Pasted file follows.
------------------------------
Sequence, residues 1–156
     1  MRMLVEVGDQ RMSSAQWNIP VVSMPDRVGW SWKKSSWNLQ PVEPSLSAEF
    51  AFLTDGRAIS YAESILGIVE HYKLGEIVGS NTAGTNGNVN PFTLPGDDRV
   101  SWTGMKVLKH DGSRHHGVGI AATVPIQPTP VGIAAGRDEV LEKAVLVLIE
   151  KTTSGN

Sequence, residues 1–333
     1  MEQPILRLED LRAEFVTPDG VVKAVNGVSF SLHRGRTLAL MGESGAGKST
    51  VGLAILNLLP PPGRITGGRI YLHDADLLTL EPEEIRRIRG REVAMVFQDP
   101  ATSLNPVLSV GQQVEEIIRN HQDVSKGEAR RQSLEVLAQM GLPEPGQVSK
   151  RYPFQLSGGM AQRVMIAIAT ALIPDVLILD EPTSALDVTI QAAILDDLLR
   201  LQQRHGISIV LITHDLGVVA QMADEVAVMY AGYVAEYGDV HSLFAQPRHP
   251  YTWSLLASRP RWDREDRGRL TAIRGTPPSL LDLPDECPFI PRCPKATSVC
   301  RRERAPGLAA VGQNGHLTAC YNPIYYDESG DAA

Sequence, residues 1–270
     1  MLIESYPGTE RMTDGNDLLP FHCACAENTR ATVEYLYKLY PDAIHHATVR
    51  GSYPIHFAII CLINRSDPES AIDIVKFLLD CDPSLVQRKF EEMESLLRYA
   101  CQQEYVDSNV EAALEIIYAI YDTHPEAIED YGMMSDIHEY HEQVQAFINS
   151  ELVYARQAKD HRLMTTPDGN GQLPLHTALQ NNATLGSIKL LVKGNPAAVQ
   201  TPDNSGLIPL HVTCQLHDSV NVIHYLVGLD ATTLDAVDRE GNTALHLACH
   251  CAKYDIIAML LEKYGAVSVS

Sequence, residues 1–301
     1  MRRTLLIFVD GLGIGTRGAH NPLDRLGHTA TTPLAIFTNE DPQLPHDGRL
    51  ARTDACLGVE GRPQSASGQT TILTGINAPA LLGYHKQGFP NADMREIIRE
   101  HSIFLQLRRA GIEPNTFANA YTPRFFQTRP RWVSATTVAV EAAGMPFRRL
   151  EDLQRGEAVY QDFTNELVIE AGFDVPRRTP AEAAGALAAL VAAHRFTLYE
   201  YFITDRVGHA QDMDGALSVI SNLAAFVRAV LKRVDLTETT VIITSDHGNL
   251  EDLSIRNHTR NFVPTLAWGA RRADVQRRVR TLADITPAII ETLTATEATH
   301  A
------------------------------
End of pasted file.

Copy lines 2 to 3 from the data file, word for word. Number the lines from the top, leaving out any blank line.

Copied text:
     1  MRMLVEVGDQ RMSSAQWNIP VVSMPDRVGW SWKKSSWNLQ PVEPSLSAEF
    51  AFLTDGRAIS YAESILGIVE HYKLGEIVGS NTAGTNGNVN PFTLPGDDRV